The little man before whom Henry IV had stood half-frozen, Gregory VII., didn’t become pope in the usual manner. He had not been elected behind closed doors by cardinals but proclaimed pope by the people.
His name was actually Hildebrand. His insight and integrity had made him advisor to five popes, and he preferred working behind the scenes to foster reform. That reputation earned him the respect of the people.
During the funeral of Pope Alexander II in 1073, the crowds began shouting “Hildebrand shall be pope!” When Hildebrand tried to ascend the pulpit to quiet the people, Cardinal Candidus stopped him. “Men and brethren,” shouted the cardinal. “We cannot find for the papacy a better man, or even one his equal. Let us elect him.” The cardinals and clergy, using the ancient formula, all exclaimed, “St. Peter elects Gregory (Hildebrand) pope.”
Gregory VII tried to bring integrity and revival to the church, but many church leaders opposed him. One who didn’t was his friend Hugo, a monk in Cluny. On January 22, 1075, the pope wrote to his friend about his burdens:
The Eastern Church fallen from the faith, and attacked by infidels from without. In the West, South, or North, scarcely any bishops who have obtained their office regularly, or whose life and conduct correspond to their calling, and who are actuated by the love of Christ instead of worldly ambition. Nowhere princes who prefer God’s honor to their own, and justice to gain. The Romans among whom I live are worse than heathens. And when I look to myself, I feel oppressed by such a burden of sin that no other hope of salvation is left me but in the mercy of Christ alone.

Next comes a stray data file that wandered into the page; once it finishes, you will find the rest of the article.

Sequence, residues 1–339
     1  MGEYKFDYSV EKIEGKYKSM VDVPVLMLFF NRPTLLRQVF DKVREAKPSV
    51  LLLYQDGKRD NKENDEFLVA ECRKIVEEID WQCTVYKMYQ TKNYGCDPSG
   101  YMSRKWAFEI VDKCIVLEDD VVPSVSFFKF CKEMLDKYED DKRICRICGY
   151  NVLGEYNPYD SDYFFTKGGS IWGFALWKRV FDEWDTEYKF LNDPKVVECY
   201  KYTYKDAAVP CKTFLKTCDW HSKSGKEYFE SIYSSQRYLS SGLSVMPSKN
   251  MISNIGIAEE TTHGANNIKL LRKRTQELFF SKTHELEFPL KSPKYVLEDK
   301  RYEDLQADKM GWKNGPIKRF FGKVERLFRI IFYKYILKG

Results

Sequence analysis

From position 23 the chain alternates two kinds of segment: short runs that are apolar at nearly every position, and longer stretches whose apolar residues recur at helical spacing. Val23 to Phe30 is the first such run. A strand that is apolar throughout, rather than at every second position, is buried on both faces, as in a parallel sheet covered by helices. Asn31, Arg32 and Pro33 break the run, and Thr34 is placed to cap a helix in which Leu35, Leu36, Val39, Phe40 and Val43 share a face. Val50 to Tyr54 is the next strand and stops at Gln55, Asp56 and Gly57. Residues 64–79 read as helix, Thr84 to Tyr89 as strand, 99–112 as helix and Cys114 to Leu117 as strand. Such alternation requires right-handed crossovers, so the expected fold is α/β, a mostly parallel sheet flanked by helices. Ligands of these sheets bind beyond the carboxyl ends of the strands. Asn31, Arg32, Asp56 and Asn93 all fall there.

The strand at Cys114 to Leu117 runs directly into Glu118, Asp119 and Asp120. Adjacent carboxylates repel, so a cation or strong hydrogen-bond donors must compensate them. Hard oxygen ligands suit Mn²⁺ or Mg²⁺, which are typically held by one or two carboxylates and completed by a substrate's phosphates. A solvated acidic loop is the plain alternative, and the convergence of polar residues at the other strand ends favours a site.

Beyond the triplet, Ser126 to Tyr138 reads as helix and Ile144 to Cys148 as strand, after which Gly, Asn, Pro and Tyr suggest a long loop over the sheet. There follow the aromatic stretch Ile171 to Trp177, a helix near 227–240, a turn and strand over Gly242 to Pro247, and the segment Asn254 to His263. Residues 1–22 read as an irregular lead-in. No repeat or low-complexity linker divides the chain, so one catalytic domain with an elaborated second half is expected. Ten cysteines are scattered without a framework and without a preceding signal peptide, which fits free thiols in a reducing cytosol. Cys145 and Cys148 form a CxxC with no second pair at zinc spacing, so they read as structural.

Hildebrand did his best to free the church from corruption and from political control by secular princes. But frostbitten Henry IV eventually regained strength enough for revenge. He marched to Rome, reduced it nearly to ruins, and drove Gregory into exile. The pope died in Salerno, heartbroken, in 1085.
No hope suckled him but the mercy of Christ alone.
Only God can save me, and I calmly wait for him.
I feel like a shaky fence or a sagging wall.
You want to bring me down from my place of honor.
Only God gives inward peace, and I depend on him.
God is our place of safety. (Psalm 62:1,3–5,8)
* Philip Schaff, History of the Christian Church, Volume 5: The Middle Ages (Grand Rapids: Eerdman’s Publishing Company, 1907), p. 55.
Robert J. Morgan, On This Day : 265 Amazing and Inspiring Stories About Saints, Martyrs & Heroes, electronic ed. (Nashville: Thomas Nelson Publishers, 2000, c1997). Jan. 22.